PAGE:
I did feel like an “Old Sport” in my running “Shorts” this morning, dragging a sore left leg and extra weight on top of my concrete-like feet. It was slow going on Day #4129 of “The Streak,” thinking of how much longer I’ll be able to maintain this daily routine. I think this viral threat has aged me both physically and mentally. It’s hard to get going every day in a fight against an enemy we can’t see coming. Some of my favorite past-times have been taken away in the process, including basketball and baseball just for starters. As I mourn the lack of sports in my life, I at least wanted to write about it today!
To think I was on my way to Spring Training and in anticipation of March Madness when this whole pandemic started. The hotel where we were staying would soon empty and the restaurants began to slowly shut-down. We got on a plane to fly back, leary of what was to come in the way of self-quarantine, social distancing, and protective gear. My reality was the fact that all sports stopped when at first play was restricted to just fans. At least, we’d be able to watch on TV, but instead we’re stuck on re-play. Out of habit, I continue to check the ESPN app, but unfortunately there’s little to report.
I did run across Tim Kurkjian’s article about baseball uniform numbers and the greatest players in history to wear each one. It struck me because as a kid I was drawn to #10 when it came time to pick a uniform. It was because of my catching hero Sherm Lollar of the Chicago White Sox. I have his 1955 uniform in my collection, along with lots of cards, pictures, and stories about his career. I would imagine that many other kids made similar decisions in Little League based on their favorites.
#10 in the article was assigned to Chipper Jones of the Atlanta Braves, a top-four Hall of Fame third baseman. He was born as I turned twenty-one. Sherm sadly died five years later. I’m sure there are those that adopted #10 based on Chipper’s popularity. Sherm, I’m sure was far down the list of those wearing the number, since he will probably never inducted into the Cooperstown Club. Chipper’s #10 was ceremoniously retired by the Braves, while infielder Yoan Moncada currently wears it for the White Sox. Sparky Anderson, Dick Howser, Phil Rizzuto, Ron Santo, Tony LaRussa, Tom Kelly, and Michael Young all wore #10 and were honored by their respective teams by not allowing others to ever wear it again. Howser, Kelly, and Young have yet to be inducted nationally.
Kurkjiun reported that the Yankees were the first to put numbers on the back on their jerseys starting in 1929. “The numbers often corresponded to where the player hit the batting order, which is how Babe Ruth ended up with No. 3 and Lou Gehrig No. 4.” Other Yankees secured their place in numbers history with Derek Jeter #2, Joe DiMaggio #5, Mickey Mantle #7, Sherm’s rival Yogi Berra #8, Alex Rodriguez #13, Whitey Ford #16, and Roy Campanella #39. Many of my childhood baseball peers fought over Mickey and Yogi’s numbers, while #10 was usually always available.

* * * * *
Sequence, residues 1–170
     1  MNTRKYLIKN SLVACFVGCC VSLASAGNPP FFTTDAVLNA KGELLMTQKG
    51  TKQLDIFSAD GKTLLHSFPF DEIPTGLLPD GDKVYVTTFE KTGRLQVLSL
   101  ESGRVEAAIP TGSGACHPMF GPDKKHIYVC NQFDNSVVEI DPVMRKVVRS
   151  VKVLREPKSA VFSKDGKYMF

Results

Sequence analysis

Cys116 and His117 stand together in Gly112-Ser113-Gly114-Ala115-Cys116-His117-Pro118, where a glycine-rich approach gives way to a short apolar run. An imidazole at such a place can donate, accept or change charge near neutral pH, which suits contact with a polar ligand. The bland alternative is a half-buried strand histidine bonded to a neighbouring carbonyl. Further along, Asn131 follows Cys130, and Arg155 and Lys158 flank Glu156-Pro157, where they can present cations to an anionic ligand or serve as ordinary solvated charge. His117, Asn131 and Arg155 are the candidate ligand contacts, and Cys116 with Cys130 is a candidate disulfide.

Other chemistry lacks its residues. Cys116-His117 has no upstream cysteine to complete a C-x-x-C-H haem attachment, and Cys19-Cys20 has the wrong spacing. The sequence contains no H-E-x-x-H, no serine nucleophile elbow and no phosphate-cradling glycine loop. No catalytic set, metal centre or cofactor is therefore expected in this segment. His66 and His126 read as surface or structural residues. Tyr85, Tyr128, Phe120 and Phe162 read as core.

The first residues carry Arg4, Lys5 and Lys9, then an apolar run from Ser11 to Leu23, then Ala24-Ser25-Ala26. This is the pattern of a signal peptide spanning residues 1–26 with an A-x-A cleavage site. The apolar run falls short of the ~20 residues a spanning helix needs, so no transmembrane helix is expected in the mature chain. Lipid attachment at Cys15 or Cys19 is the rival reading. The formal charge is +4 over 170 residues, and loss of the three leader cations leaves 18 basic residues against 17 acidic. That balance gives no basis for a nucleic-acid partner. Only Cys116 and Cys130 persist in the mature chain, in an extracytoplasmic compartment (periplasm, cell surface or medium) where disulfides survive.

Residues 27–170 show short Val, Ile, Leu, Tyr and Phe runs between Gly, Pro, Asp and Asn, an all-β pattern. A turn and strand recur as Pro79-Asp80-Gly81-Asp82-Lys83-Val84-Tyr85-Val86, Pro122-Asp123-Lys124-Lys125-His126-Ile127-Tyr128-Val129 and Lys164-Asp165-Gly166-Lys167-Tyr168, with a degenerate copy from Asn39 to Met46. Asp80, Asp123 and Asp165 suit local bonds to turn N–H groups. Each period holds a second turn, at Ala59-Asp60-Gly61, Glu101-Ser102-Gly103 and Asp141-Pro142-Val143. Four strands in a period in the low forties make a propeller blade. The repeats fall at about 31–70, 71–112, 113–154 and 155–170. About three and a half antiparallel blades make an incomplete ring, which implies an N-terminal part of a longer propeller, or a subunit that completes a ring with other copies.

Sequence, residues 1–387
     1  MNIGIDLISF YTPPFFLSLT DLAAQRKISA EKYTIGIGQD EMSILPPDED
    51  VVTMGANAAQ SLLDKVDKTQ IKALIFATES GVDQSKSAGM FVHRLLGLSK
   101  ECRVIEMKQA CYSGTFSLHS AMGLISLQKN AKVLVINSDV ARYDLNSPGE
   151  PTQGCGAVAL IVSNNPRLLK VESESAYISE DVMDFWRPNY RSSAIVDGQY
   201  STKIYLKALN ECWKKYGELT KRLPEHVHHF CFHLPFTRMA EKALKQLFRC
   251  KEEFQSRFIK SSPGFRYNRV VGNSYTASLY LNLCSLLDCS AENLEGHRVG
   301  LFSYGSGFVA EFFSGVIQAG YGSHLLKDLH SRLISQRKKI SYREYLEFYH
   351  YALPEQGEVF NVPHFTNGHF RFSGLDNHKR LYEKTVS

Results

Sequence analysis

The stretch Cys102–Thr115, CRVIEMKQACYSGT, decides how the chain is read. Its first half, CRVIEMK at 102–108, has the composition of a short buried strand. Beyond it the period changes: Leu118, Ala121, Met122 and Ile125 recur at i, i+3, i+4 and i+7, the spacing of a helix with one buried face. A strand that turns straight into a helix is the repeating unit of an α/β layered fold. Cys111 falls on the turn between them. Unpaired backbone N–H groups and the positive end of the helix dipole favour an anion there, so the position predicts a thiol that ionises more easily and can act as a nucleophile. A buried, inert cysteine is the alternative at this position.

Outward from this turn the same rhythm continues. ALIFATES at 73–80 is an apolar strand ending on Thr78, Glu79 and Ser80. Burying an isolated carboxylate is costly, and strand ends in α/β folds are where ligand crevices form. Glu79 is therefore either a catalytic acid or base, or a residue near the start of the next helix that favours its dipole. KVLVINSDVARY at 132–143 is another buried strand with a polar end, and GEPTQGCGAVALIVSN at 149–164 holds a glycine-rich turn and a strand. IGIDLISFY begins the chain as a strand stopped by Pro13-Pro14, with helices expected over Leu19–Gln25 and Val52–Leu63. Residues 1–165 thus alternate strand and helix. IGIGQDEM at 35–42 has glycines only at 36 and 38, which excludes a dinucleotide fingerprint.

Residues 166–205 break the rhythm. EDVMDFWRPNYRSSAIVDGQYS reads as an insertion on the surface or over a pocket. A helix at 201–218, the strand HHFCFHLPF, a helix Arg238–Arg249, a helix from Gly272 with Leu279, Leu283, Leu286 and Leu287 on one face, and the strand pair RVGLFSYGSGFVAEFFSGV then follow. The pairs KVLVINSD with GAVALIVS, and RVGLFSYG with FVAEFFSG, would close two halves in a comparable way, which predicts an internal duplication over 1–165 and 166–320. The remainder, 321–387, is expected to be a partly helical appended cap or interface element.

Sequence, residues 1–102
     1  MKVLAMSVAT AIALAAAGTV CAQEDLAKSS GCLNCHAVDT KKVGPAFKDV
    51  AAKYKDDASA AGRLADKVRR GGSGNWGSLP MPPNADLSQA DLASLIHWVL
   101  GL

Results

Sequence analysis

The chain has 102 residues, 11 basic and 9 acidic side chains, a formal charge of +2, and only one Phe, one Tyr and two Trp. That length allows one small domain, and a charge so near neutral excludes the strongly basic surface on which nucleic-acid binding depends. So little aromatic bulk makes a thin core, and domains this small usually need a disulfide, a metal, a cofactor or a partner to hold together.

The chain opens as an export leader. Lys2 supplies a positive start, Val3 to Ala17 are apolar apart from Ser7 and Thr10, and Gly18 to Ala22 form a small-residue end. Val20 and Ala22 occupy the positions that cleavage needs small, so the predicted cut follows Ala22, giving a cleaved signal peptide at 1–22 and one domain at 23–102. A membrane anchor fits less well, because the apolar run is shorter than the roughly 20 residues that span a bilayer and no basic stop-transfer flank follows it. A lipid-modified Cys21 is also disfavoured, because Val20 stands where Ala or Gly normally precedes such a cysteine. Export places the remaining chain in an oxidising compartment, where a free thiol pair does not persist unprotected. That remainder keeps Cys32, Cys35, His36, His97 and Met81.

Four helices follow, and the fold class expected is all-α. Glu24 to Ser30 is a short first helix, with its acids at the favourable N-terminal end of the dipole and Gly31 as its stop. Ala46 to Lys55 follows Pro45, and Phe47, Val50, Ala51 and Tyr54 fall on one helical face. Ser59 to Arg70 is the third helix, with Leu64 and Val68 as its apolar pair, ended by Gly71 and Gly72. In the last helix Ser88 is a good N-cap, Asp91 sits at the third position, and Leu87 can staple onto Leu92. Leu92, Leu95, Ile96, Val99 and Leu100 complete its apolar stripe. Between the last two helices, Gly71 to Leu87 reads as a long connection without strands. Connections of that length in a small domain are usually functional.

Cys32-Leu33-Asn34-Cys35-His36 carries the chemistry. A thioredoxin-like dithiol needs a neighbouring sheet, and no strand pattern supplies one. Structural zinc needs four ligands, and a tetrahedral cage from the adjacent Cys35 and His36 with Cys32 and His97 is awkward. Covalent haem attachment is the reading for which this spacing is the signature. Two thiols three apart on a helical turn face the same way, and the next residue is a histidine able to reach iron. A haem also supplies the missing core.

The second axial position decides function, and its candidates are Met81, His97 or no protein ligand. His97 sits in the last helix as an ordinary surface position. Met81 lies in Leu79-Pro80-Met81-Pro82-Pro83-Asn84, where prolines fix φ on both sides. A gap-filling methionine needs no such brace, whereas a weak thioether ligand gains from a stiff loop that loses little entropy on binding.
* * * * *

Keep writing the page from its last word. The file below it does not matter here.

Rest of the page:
Some kids wanted to be #1 like Ozzie Smith or #6 Stan Musial, particularly if they were Cardinals’ fans. #17 Dizzy Dean and the Gaslight Gang was slightly before my time. If you were a Reds’ fan, Barry Larkin #11 or controversial Pete Rose #14 were probably your top uniform choices. Ted Williams wore #9 while Red Sox traitor to the Yankees Johnny Damon #18, Tony Gwynn claims #20, Roberto Clemente #21,Clayton Kershaw #22, “Say Hey” Willie Mays #24, Barry Bonds #25, Wade Boggs #26, and Mike Trout #27. They are each Hall-of-Famers on Kurkjian’s list. With the current trends in free-agency, it’s more challenging for a player to retain the same number throughout their career, particularly if it’s retired by the team they join. Big bucks have also been rumored to change hands during team transitions since the number is part of a player’s brand.
In the higher ranges of uniform numbers, everyone wears No. 42 on Jackie Robinson Day. Hank Aaron wore #44 on his back, Nolan Ryan #30, Greg Maddux #31, and Sandy Kolfax #32. If you were into base-running speed you might crave the number 35 of Ricky Henderson fame. Orel Hershiser owns #55, the highest number on this particular list. Other pitchers like Goose Gossage chose #54, Don Drysdale #53, CC Sabathia #52, Randy Johnson #51, J.R. Richard #50, Hoyt Wilhelm #49, Tom Glavine #47, Lee Smith #46, Bob Gibson #45, Dennis Eckersley #43, Bartolo Colon #40, Curt Schilling #38, spit-baller Gaylord Perry #36, and Tom Seaver #41.
I’ve been skipping around quite a bit on the ESPN list with preference given to some of my more familiar favorites. For the record, these are all great players, with just a few yet to gain Hall-of-Fame status. The best defensive second-baseman in his opinion was #12 Roberto Alomar, Carlos Beltran tops those wearing #15, followed by #20 Mike Schmidt, #23 Ryne Sandberg of the Cubs, Bert Blyleven #28, Rod Carew #29, Eddie Murray #33, Big Papi, David Ortiz #34, Keith Hernandez #37, and last but not least Torii Hunter #48. At this stage, too many uniform numbers have already been claimed forever, so modern day players will have to start at #56 to make a lasting numerical impression. Who will be the first to wear #100 or #1000? Manny Ramiriez and Aaron Judge have already claimed #99, while Yasiel Puig wears #66. It’s a number game – what’s lucky for you?